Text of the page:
First, have daily conversations about God and what God is doing in the world. They don't have to be deep theological discussions--just conversations. Find God in the good moments. Thank God for your blessings. Praise God even when things are difficult and trust God when its hard to do so. These kinds of conversations can happen every day. And they accumulate over time. They become part of your family vocabulary.
Second, make church non-negotiable. When I was a kid we went to church three times a week if we needed or not--and we didn't always need it in the way it was provided, let me tell you. So I am not advocating for church becoming an idol that replaces the other idols in your family life. But it should be a non-negotiable, completely understood family plan. Just because your church experience sucked, doesn't mean that your kid's experience has to... Find a church service that your family can attend together---one that fits your schedule, your tastes, etc. And then put your flag in that hill---because you mean to die on it. I had years of my life where I had nothing to do with church, but I absolutely credit the fact that I didn't have even more of them because my parents were non-negotiable about us attending it together.
Third, demonstrate with your life, actions, attitude and beliefs that knowing and showing Jesus is fun. Serve together as a family, give as a family, help others as a family. Make sure that the story of your faith is the most exciting, incredible, crazy fulfilling story of your life. Tell that story to your kids, demonstrate it with your life together.
We had these friends once---and we went over to their house for dinner where they did something kind of weird and uncomfortable for us. They all held hands and then went around the table sharing things about their day. We held hands, too. The kid next to me was sweating profusely--or maybe it was me. I dunno. It freaked me out to sit there while they acted all strange.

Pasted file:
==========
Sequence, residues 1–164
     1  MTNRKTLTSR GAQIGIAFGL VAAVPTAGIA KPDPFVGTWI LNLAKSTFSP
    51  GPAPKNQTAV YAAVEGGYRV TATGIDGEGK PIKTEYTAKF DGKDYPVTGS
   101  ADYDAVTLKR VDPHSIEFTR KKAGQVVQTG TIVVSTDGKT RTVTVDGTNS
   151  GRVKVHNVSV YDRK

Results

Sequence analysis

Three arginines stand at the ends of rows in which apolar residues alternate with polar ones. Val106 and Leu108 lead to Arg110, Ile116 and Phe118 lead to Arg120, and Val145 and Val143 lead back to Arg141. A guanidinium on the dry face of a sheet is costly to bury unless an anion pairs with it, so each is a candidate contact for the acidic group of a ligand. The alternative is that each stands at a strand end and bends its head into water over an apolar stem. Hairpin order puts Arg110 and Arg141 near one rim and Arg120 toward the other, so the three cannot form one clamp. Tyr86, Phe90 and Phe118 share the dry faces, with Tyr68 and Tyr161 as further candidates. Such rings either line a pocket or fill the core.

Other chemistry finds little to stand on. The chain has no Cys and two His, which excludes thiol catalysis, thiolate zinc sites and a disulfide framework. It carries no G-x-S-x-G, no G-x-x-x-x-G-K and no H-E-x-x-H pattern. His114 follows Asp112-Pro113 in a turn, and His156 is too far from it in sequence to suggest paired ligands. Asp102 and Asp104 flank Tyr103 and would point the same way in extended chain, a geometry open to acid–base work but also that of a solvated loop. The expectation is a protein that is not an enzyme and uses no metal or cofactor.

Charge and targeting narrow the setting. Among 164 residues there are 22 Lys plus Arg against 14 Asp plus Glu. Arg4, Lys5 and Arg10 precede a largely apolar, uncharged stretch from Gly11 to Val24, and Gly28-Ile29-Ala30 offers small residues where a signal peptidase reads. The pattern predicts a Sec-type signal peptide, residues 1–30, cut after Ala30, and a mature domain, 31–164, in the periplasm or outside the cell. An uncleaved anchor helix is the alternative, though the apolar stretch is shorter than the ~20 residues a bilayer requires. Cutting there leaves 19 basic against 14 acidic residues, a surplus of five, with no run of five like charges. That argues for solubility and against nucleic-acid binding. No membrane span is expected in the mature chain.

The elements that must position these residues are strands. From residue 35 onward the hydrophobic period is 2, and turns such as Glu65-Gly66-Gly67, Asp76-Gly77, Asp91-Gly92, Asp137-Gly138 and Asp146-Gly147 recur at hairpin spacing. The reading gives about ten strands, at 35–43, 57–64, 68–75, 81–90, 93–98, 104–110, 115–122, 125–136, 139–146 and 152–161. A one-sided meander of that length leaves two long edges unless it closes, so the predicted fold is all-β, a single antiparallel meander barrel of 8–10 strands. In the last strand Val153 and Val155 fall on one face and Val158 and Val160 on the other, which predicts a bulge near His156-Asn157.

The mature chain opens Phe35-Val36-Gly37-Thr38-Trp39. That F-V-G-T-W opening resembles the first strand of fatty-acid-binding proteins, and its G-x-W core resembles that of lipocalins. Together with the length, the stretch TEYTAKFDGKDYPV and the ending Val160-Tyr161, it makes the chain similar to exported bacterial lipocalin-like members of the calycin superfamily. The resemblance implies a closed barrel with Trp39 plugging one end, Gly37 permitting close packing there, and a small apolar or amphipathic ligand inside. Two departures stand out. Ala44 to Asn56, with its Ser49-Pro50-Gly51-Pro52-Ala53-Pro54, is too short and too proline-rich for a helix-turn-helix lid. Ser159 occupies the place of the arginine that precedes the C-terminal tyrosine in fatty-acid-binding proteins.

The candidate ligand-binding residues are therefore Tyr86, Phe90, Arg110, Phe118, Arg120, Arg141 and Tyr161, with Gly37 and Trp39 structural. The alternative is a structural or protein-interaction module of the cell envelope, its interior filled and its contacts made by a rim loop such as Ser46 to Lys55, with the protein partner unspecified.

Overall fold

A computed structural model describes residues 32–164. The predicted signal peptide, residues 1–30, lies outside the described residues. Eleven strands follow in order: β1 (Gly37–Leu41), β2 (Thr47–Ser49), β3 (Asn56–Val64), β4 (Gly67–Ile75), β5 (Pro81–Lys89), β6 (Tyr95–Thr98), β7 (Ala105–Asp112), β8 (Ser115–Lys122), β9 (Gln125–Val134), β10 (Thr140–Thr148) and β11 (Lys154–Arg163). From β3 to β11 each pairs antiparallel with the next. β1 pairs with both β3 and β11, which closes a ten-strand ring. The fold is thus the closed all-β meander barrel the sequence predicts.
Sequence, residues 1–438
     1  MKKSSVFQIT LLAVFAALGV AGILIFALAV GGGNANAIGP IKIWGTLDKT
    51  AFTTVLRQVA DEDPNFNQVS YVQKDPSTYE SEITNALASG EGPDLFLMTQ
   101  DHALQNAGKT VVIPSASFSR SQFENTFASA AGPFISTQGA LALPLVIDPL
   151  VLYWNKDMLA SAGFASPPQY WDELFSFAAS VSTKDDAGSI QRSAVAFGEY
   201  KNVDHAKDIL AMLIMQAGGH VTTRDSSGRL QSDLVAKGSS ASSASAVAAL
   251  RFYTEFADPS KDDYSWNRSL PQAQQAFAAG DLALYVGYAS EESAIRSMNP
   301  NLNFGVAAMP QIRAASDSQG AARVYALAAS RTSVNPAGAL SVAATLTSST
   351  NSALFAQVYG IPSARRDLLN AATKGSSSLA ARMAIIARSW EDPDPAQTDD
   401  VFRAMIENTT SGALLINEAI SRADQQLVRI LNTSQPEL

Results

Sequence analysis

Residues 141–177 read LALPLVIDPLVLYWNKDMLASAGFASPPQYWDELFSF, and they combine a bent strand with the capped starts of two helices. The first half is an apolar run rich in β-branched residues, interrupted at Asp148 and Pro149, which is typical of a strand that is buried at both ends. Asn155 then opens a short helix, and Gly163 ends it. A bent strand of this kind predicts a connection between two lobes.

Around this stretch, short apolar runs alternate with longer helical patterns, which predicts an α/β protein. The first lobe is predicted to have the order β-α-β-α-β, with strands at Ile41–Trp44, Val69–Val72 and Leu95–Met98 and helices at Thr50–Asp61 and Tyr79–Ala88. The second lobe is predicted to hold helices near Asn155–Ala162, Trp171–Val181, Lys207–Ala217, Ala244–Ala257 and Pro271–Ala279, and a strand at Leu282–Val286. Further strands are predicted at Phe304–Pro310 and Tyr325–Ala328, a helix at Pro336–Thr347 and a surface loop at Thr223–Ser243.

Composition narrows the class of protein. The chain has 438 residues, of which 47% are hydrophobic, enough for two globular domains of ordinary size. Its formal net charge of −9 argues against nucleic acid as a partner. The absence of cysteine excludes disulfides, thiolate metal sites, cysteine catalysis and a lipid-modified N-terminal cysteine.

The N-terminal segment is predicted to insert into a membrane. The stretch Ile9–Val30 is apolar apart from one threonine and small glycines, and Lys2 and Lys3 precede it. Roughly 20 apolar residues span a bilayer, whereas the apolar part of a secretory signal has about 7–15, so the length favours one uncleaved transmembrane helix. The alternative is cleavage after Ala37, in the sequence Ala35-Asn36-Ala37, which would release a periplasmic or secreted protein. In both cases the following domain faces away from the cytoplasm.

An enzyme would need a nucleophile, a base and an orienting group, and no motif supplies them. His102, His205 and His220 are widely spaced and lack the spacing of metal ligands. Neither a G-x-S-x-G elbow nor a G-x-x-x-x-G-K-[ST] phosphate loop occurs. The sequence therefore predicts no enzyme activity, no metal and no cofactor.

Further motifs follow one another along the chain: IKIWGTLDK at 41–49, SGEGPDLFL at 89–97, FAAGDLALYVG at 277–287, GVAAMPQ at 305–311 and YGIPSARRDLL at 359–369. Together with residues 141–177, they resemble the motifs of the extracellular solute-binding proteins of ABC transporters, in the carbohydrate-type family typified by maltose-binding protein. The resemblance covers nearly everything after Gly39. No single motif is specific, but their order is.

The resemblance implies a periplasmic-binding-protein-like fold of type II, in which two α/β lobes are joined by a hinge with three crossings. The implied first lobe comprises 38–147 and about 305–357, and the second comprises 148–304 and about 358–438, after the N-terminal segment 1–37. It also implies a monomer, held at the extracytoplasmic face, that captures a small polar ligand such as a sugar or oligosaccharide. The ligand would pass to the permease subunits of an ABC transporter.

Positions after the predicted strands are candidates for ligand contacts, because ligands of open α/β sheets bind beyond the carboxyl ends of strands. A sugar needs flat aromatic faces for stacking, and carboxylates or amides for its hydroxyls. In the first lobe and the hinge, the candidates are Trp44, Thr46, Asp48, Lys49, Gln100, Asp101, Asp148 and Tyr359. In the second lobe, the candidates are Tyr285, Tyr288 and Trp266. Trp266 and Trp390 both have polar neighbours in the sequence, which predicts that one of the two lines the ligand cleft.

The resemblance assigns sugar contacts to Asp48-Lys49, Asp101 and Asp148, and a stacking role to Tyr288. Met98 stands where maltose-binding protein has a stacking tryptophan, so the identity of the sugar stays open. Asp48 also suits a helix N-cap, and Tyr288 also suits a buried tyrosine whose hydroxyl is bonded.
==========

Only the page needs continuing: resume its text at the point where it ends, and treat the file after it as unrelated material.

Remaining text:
Then this past Advent we became those people. We read prayers around the table before we ate, shared the things we were grateful for, and we sang Christmas songs each night--which at first was kind of awkward but then became really, really awesome.
But we didn't hold hands the hold time. Which made it less weird, I'm thinking.
It was a little thing. But maybe it wasn't such a little thing. Maybe one day when I am an old grandpa and my wife is a hot grandma our kids will tell us how much it meant for them that we talked about God that we made them go to church even sometimes when we didn't want to go either (which is kind of harsh since we're the pastor's family) and we actually did our best--even though we failed as often as we succeeded--to show them just how incredible it is when you have a Christ-centered home....
Where righteousness is always on the menu.